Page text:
Most people employed in California never have to worry about filing a workers’ compensation claim, as they successfully manage to avoid suffering a serious injury while on the job. Still, the California workers’ compensation insurance program exists for a reason. Sometimes, whether or not you get hurt comes down to luck or being in the wrong place at the wrong time.
People can and do suffer serious, debilitating injuries while working that impact their ability to keep earning a livelihood and could potentially result in substantial medical expenses. Workers’ compensation helps ensure that no one winds up in poverty and struggling to take care of themselves because of an injury acquired as part of their employment.
Receiving workers’ compensation benefits is not automatic. You have to take certain steps in order to get the benefits you need after a workplace injury, including reporting the incident to your employer as soon as possible and filing a formal claim, part of which your employer will have to complete.
Your employer will need to corroborate your claim
The reporting requirements for workplace injuries exist to ensure that neither employers nor employees abuse the system. Companies have to maintain a record of any reported incidents, while employees will need to substantiate an alleged accident on the job through their own statements, corroboration by other workers and even security camera footage.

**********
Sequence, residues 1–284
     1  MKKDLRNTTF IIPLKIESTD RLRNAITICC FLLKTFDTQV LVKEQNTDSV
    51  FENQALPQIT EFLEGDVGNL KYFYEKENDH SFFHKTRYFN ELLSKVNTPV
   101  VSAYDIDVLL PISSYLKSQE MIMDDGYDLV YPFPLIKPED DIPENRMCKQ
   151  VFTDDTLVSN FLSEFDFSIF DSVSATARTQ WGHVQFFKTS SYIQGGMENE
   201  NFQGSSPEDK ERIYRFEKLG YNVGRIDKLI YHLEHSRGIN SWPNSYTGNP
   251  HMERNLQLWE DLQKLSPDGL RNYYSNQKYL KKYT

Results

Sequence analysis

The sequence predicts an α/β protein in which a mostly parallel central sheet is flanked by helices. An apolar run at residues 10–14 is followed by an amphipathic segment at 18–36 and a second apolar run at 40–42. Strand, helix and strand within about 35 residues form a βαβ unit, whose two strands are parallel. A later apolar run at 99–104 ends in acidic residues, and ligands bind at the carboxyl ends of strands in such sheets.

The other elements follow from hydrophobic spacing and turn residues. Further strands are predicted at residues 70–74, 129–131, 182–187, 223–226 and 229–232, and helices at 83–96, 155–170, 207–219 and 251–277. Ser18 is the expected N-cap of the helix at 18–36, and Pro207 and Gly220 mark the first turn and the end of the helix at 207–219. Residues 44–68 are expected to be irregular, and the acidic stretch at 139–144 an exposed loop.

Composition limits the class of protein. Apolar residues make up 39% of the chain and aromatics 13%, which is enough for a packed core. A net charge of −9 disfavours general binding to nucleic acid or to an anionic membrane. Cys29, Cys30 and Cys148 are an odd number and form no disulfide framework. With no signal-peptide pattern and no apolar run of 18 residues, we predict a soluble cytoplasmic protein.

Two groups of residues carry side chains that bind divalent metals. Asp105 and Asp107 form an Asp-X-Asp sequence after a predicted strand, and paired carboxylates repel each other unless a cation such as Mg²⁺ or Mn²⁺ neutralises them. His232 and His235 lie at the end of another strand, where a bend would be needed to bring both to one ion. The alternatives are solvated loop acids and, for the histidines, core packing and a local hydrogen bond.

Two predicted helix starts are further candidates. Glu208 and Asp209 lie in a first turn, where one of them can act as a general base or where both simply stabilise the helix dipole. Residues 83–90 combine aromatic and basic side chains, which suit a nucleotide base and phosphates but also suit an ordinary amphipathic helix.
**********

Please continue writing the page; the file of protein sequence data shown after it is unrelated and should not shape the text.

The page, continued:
The sooner you report the incident that led to the injury and the more evidence you have to show that it happened the way that you claim, the easier it will be for you to connect with the benefits you need and for your employer to support you in the claims process.
Reporting as soon as an incident occurs helps you get medical care
Some people try to tough out an injury, which can mean that they just end up making it worse as they struggle through their day at work. Rest and timely diagnosis are both important aspects of recovery from a job-related injury. Neither is possible if you can’t see a physician shortly after you get hurt.
When you report an injury to your employer, they will either have you visit their on-site medical office, if they have one, or direct you to leave work and seek care off site. In both cases, you will then have corroborating medical documentation of the injury that will help you tie any symptoms and disability you experience to the injury that occurred at work while also increasing your chance of a quick recovery due to receiving the care you need.